Sebec Lake Weather Station Part 2 

Todd Simcox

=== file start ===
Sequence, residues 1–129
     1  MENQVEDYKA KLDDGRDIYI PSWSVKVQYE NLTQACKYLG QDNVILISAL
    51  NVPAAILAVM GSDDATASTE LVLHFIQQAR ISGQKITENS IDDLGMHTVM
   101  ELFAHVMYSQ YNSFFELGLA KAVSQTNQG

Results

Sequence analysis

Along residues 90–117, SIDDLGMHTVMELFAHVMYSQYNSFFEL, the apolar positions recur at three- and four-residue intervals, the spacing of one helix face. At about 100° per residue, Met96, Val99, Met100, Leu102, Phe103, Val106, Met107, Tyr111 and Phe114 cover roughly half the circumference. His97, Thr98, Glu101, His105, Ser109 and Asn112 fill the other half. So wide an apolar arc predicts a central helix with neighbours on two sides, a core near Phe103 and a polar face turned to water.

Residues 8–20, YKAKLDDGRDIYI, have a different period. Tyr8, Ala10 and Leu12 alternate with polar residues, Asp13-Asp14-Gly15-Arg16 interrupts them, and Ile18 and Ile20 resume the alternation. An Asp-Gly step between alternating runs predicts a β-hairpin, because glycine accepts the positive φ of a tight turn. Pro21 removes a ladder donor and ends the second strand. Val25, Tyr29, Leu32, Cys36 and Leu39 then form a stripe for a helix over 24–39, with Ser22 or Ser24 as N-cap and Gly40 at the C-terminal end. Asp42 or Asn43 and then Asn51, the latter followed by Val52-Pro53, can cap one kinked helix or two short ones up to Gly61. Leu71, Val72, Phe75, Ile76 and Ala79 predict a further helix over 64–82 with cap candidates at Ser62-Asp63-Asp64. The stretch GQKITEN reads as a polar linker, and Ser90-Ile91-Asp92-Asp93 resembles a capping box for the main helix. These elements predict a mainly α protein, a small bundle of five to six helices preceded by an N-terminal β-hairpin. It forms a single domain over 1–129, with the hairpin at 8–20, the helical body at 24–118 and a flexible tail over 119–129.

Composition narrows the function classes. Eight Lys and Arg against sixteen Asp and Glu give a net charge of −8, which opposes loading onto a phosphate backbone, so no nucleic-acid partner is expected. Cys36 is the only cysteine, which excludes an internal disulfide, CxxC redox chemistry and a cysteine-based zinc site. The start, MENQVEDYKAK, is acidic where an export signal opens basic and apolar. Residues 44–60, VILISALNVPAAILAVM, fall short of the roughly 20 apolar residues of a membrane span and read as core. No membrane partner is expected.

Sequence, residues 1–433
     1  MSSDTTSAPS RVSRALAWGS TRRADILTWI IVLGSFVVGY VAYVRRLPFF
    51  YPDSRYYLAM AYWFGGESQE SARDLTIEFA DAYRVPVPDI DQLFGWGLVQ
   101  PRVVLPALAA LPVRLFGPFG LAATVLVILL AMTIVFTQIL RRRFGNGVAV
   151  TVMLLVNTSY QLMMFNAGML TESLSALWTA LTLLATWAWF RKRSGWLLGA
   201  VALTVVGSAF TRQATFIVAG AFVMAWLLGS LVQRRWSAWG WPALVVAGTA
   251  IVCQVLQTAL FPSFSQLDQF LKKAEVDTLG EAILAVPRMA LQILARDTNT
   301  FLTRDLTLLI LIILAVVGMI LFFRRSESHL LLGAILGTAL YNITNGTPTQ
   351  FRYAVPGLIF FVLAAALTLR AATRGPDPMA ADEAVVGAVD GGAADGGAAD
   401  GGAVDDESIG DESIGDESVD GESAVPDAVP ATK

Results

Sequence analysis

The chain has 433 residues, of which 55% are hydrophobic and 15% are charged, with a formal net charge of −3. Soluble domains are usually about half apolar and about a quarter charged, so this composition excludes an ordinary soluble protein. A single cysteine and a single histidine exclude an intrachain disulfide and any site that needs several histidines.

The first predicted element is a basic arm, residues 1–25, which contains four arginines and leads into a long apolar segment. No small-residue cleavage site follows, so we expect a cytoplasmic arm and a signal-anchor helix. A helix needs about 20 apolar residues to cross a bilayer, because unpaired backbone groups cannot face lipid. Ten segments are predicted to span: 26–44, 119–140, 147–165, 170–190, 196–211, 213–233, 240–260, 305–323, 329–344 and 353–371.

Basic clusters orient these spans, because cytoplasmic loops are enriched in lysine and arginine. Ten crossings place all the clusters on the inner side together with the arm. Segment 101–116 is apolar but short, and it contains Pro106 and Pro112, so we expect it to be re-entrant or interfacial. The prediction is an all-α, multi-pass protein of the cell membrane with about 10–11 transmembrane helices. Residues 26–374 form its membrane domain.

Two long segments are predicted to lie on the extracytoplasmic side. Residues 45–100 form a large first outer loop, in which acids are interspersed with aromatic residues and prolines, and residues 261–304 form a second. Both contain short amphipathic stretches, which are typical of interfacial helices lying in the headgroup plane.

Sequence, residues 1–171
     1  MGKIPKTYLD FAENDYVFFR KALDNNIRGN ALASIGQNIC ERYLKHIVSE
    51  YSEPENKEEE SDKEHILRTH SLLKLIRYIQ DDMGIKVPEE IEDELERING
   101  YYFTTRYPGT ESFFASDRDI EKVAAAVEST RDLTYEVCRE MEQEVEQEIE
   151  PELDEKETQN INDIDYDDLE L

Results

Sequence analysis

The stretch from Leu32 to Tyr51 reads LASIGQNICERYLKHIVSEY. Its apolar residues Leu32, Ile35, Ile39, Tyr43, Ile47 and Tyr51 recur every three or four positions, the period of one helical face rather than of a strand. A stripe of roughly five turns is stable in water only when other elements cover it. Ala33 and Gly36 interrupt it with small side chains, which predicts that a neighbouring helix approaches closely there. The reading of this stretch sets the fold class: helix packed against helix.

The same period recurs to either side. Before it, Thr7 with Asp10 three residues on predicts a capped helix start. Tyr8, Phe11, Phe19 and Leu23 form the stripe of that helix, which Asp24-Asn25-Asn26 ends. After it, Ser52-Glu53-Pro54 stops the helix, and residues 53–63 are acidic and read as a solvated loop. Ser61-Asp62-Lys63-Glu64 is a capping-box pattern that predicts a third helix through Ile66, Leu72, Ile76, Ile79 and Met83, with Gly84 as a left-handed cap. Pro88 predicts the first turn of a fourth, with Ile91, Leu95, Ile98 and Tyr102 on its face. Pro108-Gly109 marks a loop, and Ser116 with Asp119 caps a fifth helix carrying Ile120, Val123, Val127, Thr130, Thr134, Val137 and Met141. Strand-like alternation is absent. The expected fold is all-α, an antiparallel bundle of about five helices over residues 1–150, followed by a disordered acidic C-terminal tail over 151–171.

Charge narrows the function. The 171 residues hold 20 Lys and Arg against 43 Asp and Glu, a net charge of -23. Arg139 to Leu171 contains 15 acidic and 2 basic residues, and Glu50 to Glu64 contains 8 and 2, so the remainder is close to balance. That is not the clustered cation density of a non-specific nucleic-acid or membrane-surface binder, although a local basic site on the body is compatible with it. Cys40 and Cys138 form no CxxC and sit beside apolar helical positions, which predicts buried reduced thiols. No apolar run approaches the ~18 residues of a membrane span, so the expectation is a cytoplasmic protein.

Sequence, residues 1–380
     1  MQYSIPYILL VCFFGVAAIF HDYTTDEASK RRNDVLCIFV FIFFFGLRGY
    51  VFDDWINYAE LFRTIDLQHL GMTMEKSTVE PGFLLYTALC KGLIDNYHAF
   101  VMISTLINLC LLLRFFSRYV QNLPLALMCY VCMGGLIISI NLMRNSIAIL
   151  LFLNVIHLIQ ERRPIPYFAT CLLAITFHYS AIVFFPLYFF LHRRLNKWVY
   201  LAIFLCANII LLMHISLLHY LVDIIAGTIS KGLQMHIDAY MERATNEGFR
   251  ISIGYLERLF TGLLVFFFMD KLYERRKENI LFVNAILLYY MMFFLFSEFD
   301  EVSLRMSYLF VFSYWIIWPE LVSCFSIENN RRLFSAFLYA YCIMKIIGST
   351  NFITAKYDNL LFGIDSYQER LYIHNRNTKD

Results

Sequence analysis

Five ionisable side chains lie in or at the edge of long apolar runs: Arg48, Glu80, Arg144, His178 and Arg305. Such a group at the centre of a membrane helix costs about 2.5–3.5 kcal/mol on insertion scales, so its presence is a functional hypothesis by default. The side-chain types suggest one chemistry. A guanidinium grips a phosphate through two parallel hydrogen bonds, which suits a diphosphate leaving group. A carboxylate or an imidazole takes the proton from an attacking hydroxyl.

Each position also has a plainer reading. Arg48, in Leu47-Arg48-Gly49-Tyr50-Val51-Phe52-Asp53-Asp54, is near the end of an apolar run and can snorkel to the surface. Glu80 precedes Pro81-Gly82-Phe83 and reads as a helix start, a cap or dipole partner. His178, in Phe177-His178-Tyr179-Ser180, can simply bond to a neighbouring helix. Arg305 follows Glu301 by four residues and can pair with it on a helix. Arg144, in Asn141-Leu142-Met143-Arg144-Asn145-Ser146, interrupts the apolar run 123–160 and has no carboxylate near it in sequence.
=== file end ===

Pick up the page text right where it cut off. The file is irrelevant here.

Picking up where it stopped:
”Due to health issues, I have to. Actually I have to get out of the cold climate.”The Sebec Lake Weather Station means so much to Bill and his wife Mary Jane that they don’t want to see the data stop flowing just because they’re moving away. So they put their house up for sale and when a buyer came through they showed some interest in all the weather instruments around the yard. Bill explained what he does and jokingly asked them to take over the station as part of the sales contract and they agreed. Meet Reuben Bailey. “If I weren’t taking this over, they would have to shut this station down and start another… find someone else to do it and completely commission a whole new station.”Bill has already introduced Reuben to the folks at the National Weather Service office in Caribou. Now Bill will train Reuben on what observations need to be taken to continue the legacy of the Sebec Lake Weather Station.”The maximum and minimum temperatures for the period, for the day… and sky cover… and any precipitation that falls be it rain or snow or whatever and the time of those occurences.”Reuben has had an interest in the weather since he was a kid, growing up on the family farm in Vermont. After moving to Maine, Reuben worked a few winters plowing roads for the Maine Department of Transportation.”So I took an interest in watching the radar and going… okay… how hard is the system going to hit… doing a little stuff on my own.”And now with the future of the Sebec Lake Weather Station in good hands, Bill and his wife can focus on their move to Virginia and who knows… maybe taking weather observations at his new home. “I’ve already talked to the NWS office just outside where we’re going in a place called Wakefield. It’s a new facility much like Caribou is. And they want me to stop in when I get down there so I’m looking forward to it.”